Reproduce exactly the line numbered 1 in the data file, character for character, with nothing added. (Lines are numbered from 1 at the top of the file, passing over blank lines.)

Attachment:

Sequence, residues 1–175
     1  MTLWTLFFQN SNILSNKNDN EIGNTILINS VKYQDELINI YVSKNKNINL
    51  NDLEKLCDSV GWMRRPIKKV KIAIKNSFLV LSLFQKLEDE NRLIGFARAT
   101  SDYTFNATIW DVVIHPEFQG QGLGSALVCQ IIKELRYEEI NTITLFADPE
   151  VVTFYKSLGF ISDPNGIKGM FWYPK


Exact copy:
Sequence, residues 1–175